Two communities with clout have moved to the front of the class for new schools in Chicago, raising questions of political favoritism by Mayor Daley’s School Reform Board.
In the 19th Ward on the Far Southwest Side, home to two elected county officials, Keller Gifted Magnet School is slated for a new building so that it can add a 7th and an 8th grade, a total of 60 addtional students.
In the “new” Cabrini-Green, a frontier of gentrification in Chicago, three schools are scheduled for demolition and replacement: the Ferguson Child Parent Center, Byrd Community Academy and Near North Career Metro High School.
In a 1995 report, the McClier Corporation identified 36 Chicago schools as being in such bad shape that replacing them would be more economical than fixing them up; neither Keller nor the Cabrini schools are among them. Indeed, Ferguson is one of only 31 schools classified by McClier as being in good condition. Larry Justice, the board’s capital planning chief, says the board is considering replacing several of the 36 but acknowledges that only the Keller and Cabrini projects have the board’s commitment. The board also has no current commitments to relieve overcrowding in high schools. Paul Vallas says he is “very concerned” about jam-packed schools like Juarez High in Pilsen but that school officials are still weighing the options.
To be sure, the Reform Board is building new schools to help relieve overcrowding in elementary schools and is pouring hundreds of millions of dollars into sorely needed repairs citywide. But even board officials concede that the school system’s capital needs far outstretch its capacity to pay for them.
“If there are children in buildings that are not in compliance with the most basic codes, then we have to question why Pershing Road is moving so swiftly on these priorities,” says Jackie Leavy, executive director of the Neighborhood Capital Budget Group, which monitors the city’s capital spending.
Chief Executive Officer Paul Vallas says that the Keller and Cabrini projects simply make good educational and fiscal sense. As for politics, he points to rehab work done on the turf of arch Daley-administration critics. “Was that political?” he fumes. “All the modifications we have made—saying, ‘This school needs an addition, that school needs an annex.’ I guess it must be political.”
Plans to build a new building for Keller—construction is scheduled to begin early next year—represent an apparent change of heart for Vallas.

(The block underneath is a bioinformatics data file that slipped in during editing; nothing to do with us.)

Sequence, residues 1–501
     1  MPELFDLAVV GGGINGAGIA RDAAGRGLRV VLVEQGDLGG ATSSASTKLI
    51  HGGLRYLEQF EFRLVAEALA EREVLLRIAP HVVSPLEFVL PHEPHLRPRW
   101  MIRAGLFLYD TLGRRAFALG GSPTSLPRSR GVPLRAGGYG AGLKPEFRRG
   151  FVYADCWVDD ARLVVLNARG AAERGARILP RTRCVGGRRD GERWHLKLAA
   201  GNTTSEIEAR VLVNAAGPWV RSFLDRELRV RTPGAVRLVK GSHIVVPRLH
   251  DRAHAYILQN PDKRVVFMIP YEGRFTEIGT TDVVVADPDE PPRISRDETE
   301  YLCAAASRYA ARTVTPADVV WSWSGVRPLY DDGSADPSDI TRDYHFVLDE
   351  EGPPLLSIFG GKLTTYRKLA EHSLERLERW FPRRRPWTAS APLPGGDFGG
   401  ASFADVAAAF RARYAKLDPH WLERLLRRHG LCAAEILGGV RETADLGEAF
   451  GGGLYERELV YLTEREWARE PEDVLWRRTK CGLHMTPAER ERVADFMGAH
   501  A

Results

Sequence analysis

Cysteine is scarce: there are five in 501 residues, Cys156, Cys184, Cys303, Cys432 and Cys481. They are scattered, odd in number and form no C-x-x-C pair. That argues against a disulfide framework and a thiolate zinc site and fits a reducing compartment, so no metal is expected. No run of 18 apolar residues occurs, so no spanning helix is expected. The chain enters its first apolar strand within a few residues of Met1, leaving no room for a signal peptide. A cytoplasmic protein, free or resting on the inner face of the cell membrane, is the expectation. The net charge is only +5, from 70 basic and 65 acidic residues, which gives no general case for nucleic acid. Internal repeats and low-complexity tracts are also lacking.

In June, he told parents and residents that a new building was “not on the radar screen,” according to an article in the Beverly Review. “Given the demands elsewhere, it’s just not feasible at this time. Some new schools are being built because of the severe overcrowding at some schools. … Others are being built because some schools are ready to collapse.”
Vallas said then that he supported the idea of adding a 7th and 8th grade to Keller, which currently enrolls just 170 kids in grades 1-6. Any new construction, though, would be minimal. “A six-room addition is the top that we could do here,” he said.
In later meetings, board staff gradually enhanced the addition plans in response to concerns by the school’s immediate neighbors. Keller’s playground is the only park for several blocks, and neighbors were reluctant to part with precious green space without getting something in return. Thus, a new gym was penciled in. However, putting an addition on one side of the school and a gym on the other would require still more work on the original building, which pushed costs still higher.
Architects and engineers finally decided they’d be better off junking the current building and starting over.
Cost estimates on the replacement vary. Vallas reckons $3.5 million. Capital planner Justice says $5 million to $5.5 million. Both say that the old plan—additions plus an upgrade for the original building—would run around $2.5 million. The extra money will be well spent, says Vallas: “We don’t want to have to come back and do more later.”
That argument doesn’t wash with some Keller parents and neighbors. “I’m flabbergasted. All that money for so few children is amazing,” says local resident Cheryl Christ, whose son attends Morgan Park High School, where she works. “If we’ve got capital money to spend, I’m sure there are some schools that could use some basic repairs.”
Keller parent Steven Carrig says that if the Keller plan means that needier schools will have to wait, “Then I would say, Screw the addition.”
Schools like Keller shouldn’t be left out of the board’s plans, he says, but they needn’t be first in line. After all, he notes, Keller parents likely can find decent alternatives. “We’re people who are capable of finding good schools for our children,” he says. “Otherwise, we wouldn’t be there [at Keller].”
The Mt. Greenwood community is getting more than a new school. “I think this is a win-win,” Ald. Virginia Rugai told parents and residents at an Oct. 9 meeting. “I think we get as much as, if not more than, we give.”